Next Steps

The CARES Act is intended to provide financial assistance to US businesses affected by the COVID-19 pandemic. We anticipate that the US Treasury and the Federal Reserve will work quickly to establish the programs under which such financial assistance will be provided. Once the programs are operational, we anticipate that there will be very high demand for the funds available under the CARES Act. Accordingly, businesses interested in obtaining financial assistance under one of the CARES Act programs should begin working with legal, tax, and other advisors now so that they may quickly determine which, if any, of the CARES Act programs best suits their needs, apply for assistance through that program when it becomes operational in the days ahead, and structure their business activities going forward in a manner that ensures compliance with the terms of the CARES Act.

 

Annex I

CORONAVIRUS AID, RELIEF, AND ECONOMIC SECURITY ACT TITLE IV—ECONOMIC STABILIZATION AND ASSISTANCE TO SEVERELY DISTRESSED SECTORS OF THE UNITED STATES ECONOMY SECTIONS 4001 – 4004

Title IV of the Coronavirus Aid, Relief, and Economic Security (CARES) Act sets forth $500 billion of funding for certain industries that have been severely impacted by COVID-19. Those industries are entitled to direct loans and loan guarantees from the US Treasury amounting to $46 billion. The remaining $454 billion of funding is to be used by the US Treasury for a combination of direct lending and guarantees and to support lending programs through bank or non- bank lenders. The various approaches are described and compared below. The Secretary of the Treasury has significant discretion to determine the form and the terms and conditions including covenants, representations, warranties and other requirements.

 

Direct Loans, Loan Guarantees and Investments by the US Government 

Other Businesses 

Direct Loans, Loan Guarantees and Investments by the US Government 

Program for Mid-Sized Businesses 

Eligible Recipients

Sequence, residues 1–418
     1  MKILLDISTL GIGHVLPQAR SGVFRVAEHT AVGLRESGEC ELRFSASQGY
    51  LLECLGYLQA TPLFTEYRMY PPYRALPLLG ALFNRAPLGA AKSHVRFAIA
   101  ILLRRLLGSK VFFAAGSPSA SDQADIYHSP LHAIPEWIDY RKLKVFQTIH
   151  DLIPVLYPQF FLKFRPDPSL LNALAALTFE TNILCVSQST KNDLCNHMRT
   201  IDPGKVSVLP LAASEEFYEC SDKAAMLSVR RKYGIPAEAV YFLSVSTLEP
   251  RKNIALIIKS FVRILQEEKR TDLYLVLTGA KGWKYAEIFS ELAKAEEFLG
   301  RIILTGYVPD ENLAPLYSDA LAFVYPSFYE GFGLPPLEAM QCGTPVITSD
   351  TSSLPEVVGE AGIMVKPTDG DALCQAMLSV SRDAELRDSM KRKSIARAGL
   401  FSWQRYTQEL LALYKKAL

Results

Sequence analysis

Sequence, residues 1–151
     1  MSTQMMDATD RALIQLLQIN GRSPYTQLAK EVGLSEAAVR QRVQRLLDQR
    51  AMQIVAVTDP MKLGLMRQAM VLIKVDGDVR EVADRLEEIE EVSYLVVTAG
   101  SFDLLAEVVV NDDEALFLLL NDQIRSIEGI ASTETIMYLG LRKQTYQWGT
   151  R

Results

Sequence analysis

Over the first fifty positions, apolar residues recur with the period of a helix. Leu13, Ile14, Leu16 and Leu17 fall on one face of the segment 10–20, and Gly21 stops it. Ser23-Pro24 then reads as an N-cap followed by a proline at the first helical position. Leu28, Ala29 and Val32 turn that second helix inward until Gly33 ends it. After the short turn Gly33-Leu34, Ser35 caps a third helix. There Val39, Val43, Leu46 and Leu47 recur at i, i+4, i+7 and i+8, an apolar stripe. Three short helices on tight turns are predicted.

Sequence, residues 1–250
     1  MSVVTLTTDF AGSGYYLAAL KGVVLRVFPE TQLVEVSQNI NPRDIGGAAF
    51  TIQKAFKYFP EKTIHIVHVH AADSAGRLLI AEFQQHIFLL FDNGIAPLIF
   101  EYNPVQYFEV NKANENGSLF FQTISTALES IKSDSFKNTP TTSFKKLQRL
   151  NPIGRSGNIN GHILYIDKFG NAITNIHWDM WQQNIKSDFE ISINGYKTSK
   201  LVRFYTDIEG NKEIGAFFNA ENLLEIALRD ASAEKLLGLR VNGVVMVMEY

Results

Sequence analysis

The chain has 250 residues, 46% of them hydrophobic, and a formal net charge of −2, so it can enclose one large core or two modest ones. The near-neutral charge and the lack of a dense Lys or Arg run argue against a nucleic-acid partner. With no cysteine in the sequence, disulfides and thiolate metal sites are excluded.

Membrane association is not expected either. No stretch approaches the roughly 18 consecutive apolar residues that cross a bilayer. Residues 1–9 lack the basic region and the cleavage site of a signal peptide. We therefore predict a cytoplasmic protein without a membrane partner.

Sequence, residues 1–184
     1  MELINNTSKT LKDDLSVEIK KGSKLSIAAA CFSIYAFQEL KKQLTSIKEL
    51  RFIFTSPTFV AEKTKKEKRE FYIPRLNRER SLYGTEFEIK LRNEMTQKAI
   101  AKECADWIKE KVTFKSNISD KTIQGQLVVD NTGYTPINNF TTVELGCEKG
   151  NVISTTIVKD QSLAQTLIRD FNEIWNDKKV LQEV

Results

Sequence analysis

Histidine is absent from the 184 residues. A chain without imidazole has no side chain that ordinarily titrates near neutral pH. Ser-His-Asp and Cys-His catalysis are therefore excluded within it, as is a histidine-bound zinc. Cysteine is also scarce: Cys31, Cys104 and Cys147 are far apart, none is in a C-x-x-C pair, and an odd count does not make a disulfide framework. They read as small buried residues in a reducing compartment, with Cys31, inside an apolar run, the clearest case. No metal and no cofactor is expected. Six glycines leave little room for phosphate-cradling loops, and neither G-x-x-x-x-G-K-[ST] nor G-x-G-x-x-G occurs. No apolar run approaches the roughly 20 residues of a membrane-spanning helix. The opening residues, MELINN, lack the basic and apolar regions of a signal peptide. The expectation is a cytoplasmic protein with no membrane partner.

(1) Passenger air carriers and related businesses10 ($25 billion)

(2) Cargo air carriers ($4 billion)

(3) Businesses critical to maintaining national security ($17 billion)

§4003(b)(1)-(3) 

 

Other eligible businesses, states or municipalities ($454 billion + any amounts unused by Distressed Businesses). §4003(b)(4)

Eligible business is very broadly defined to include a United States business that has not otherwise received adequate economic relief in the form of loans or loan guarantees provided under this Act.

 

Businesses (including non-profits) with between 500 and 10,000 employees (a "Mid-Size Business"). §4003(c)(3)(D) 

Program

Direct loans and loan guarantees.

§4003(b)(1)-(3) 

Indirectly via loans, loan guarantees and other investments in programs and facilities established by the Fed to provide liquidity to the financial system that supports lending to eligible businesses, states or municipalities. §4003(b)(4). One such program specified in the Act is for Mid- Sized Businesses. 

The US Treasury shall seek to implement a program to provide financing to banks and other lenders that make available low interest loans to Mid-Sized Businesses for which no principal or interest is payable for the first six months or such longer period as the US Treasury Secretary determines. §4003(c)(3)(D) 

Process

 

US Treasury Secretary may establish vehicles to purchase, hold, sell assets and issue obligations; issue regulations and guidance to carry out these provisions; designate financial institutions, including depositories, brokers, dealers, and other institutions, as financial agents of the United States. §4003(f)/(g) 

Procedures with respect to Distressed Businesses will be promulgated by the US Treasury Secretary within 10 days after enactment. §4003(c)(1)(B) 

 

 

Interest Rate / Security

Will be based on the risk and the current average yield on outstanding marketable obligations of the United States of comparable maturity. §4001(c)(1)(A)